In this issue we are publishing a comprehensive discussion of the Tomatis Method, a program of auditory stimulation based on clearing emotional blocks that originated in the pre-and peri-natal period. It is a unique approach to a variety of auditory, learning and emotional difficulties in both children and adults. Dr. Tomatis spoke at our First International Congress in Toronto in 1983. He is a brilliant scholar and a fascinating human being. For those of you who have not met this man I recommend that you read Marie-Andree Michaud's interview with him which follows Timothy Gilmor's article.
Verbal metaphors and their behavioral counterparts are described in Sandra Landsman's paper. She points out the need to listen carefully to clients' expressions for clues of their emotional roots in birth or prebirth experiences.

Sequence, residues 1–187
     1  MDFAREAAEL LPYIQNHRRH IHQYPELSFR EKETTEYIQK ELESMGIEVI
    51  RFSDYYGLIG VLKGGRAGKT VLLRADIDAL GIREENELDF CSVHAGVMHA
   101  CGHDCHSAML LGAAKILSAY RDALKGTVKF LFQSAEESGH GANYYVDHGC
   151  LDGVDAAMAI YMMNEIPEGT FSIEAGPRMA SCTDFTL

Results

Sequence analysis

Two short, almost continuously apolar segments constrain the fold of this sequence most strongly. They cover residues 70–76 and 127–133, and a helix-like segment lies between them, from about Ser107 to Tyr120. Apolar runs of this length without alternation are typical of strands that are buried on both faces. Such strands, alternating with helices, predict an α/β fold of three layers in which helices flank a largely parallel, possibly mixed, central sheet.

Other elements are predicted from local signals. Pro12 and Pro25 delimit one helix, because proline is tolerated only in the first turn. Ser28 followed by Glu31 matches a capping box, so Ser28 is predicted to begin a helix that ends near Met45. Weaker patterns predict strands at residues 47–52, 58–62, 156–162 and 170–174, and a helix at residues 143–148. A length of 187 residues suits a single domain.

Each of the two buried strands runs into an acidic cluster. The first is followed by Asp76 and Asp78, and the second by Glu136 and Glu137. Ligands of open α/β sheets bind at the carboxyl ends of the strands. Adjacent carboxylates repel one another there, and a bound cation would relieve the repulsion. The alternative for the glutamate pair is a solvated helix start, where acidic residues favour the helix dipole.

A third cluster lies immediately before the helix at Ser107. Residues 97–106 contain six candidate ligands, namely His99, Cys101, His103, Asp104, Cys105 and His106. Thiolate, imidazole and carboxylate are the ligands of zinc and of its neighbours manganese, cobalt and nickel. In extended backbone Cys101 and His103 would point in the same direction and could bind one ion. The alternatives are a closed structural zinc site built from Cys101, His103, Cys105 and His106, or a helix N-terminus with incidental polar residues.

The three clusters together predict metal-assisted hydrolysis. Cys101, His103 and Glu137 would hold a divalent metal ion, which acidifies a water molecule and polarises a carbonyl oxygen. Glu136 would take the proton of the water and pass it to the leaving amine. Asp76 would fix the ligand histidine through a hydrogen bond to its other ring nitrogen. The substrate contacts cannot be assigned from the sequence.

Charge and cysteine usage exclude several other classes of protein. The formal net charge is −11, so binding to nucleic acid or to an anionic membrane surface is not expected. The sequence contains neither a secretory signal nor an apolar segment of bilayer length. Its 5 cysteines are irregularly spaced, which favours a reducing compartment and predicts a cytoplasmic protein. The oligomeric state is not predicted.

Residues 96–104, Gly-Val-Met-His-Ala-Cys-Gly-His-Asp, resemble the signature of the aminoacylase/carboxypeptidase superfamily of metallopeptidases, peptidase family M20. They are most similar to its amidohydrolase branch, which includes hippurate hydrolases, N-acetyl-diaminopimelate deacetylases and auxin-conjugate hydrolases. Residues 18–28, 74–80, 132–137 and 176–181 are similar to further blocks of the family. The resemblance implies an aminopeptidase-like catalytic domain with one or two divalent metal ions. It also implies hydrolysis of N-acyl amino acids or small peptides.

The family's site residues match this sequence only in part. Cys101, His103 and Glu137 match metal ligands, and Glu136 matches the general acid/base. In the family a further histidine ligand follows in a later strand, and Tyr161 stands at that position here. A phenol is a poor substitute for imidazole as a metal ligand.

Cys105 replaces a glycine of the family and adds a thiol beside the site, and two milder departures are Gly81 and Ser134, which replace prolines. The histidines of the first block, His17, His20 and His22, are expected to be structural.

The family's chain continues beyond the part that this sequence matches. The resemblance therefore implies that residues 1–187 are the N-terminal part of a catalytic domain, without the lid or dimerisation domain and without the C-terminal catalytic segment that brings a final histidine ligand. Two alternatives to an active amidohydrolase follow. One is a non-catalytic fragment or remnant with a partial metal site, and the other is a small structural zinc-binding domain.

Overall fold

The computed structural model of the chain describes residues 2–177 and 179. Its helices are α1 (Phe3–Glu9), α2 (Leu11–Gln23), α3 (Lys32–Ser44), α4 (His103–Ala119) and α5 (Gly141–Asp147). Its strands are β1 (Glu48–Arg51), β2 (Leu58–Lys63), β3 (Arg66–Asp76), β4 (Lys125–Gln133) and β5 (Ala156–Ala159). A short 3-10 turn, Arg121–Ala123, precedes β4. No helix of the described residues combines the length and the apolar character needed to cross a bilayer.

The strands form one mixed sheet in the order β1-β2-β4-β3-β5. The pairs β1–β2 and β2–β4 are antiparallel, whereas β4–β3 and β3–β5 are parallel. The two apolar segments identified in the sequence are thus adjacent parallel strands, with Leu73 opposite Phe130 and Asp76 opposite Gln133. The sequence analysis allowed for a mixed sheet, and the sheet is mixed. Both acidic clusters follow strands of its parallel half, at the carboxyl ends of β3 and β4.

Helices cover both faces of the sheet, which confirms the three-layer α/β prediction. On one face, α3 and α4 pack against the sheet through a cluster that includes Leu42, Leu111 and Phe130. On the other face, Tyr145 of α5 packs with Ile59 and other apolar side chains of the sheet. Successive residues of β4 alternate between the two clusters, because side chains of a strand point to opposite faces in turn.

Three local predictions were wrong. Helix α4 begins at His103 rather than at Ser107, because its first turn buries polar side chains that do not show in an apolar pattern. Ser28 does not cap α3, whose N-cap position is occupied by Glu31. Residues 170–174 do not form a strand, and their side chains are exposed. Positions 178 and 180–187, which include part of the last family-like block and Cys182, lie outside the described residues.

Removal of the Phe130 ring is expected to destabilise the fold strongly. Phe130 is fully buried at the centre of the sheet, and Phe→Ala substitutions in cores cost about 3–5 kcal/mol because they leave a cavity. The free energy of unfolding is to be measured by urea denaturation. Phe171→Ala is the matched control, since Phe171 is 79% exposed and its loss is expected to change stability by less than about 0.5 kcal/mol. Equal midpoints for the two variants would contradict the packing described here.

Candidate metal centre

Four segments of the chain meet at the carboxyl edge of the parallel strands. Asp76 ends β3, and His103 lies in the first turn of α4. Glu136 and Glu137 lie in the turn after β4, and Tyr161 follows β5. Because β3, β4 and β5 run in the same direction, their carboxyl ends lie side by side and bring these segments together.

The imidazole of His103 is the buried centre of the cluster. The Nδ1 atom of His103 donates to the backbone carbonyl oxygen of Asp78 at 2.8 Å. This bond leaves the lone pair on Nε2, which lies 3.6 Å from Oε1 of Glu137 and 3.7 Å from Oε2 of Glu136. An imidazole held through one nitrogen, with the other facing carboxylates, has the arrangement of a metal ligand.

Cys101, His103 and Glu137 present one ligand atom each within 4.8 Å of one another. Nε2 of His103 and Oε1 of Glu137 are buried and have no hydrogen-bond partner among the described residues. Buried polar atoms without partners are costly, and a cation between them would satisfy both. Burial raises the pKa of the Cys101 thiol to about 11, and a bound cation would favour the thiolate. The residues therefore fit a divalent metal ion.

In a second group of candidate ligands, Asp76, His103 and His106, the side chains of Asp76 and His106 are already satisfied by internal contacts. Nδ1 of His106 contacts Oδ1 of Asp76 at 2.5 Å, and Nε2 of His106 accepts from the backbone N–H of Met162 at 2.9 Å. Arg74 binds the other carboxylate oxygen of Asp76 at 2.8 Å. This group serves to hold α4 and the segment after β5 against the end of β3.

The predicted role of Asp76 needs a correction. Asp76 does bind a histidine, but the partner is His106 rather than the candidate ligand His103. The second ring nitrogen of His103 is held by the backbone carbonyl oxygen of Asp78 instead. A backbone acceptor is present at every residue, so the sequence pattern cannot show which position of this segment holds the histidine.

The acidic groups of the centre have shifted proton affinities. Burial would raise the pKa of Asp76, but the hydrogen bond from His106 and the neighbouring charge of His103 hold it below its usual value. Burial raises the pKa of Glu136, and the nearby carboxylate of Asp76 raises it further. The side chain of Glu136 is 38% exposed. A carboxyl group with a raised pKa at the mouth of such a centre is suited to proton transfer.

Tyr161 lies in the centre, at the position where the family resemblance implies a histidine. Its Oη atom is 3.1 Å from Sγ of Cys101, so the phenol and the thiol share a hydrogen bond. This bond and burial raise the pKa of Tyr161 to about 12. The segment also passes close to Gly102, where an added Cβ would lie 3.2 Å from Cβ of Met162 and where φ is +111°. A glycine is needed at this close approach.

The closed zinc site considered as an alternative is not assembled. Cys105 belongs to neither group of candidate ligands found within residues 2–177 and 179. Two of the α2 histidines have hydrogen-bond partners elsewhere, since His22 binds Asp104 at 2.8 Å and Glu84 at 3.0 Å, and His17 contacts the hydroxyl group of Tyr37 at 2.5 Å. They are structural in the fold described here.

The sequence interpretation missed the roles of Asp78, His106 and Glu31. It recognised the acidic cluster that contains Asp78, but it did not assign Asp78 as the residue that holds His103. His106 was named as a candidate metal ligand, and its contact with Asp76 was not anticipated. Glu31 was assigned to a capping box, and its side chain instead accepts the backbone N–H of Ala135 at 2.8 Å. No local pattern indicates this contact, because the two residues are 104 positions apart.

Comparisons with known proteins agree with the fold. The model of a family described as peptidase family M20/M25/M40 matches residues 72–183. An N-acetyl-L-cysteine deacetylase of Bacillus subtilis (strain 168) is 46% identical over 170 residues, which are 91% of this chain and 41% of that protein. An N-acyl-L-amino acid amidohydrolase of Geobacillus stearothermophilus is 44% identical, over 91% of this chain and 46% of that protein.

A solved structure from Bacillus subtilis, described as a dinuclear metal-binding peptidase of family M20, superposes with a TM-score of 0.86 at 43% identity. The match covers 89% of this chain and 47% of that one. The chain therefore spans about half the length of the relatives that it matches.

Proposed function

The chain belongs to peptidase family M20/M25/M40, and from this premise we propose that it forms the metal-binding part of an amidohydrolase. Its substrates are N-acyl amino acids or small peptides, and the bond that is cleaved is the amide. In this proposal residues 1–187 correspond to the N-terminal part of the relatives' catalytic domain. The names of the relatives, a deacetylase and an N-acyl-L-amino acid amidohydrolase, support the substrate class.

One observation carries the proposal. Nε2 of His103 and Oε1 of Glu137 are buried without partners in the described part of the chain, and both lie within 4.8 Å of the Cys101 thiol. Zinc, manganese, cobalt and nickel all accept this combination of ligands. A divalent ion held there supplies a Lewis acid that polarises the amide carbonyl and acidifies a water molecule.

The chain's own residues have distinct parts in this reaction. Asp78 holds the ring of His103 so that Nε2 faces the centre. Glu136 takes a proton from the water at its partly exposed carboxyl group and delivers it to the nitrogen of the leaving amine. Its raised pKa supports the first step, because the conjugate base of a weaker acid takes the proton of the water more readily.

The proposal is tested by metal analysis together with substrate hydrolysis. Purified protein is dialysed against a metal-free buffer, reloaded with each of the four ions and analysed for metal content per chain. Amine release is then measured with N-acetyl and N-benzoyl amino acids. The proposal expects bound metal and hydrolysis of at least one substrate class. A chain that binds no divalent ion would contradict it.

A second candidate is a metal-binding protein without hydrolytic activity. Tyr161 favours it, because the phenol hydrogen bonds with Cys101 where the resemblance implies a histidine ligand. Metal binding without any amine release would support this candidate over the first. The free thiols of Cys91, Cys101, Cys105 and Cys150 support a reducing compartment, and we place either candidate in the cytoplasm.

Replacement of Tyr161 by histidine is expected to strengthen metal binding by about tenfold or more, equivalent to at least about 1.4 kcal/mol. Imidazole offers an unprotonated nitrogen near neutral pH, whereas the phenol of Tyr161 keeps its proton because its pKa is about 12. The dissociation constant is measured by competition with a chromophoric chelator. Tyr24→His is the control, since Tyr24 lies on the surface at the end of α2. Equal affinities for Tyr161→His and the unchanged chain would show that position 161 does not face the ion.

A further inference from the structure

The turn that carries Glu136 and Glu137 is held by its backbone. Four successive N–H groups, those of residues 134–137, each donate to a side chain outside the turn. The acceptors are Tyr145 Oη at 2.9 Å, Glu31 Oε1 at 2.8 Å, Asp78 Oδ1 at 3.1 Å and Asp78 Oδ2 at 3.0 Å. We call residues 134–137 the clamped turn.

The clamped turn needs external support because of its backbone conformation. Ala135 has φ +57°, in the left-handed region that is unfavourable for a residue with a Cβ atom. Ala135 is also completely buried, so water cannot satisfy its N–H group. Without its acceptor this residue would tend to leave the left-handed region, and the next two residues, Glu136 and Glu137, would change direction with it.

Nancy Hurwitz deals in her article with the psychological aspects of in-vitro fertilization. Since infertility is becoming an ever greater problem it is not surprising that medical science is looking for new ways to overcome this dilemma. The experts in their attempts to solve a physiological problem often create a whole new order of psychological, ethical, religious and philosophical issues.
In a far ranging review of a recently published book Science and the Unborn by Clifford Grobstein, the editor of your journal addresses the question of "The Biopolitics of Womb Life." Anyone concerned with the effects of the new reproductive technologies will be interested in reading this critique.
Thomas R. Verny, M.D.
JOURNAL OF PRENATAL AND PERINATAL PSYCHOLOGY AND HEALTH publishes research and clinical articles from the cutting edge of the science of prenatal and perinatal psychology and health. The journal, published quarterly since 1986, is dedicated to the in-depth exploration human reproduction and pregnancy and the mental and emotional development of the unborn and newborn child.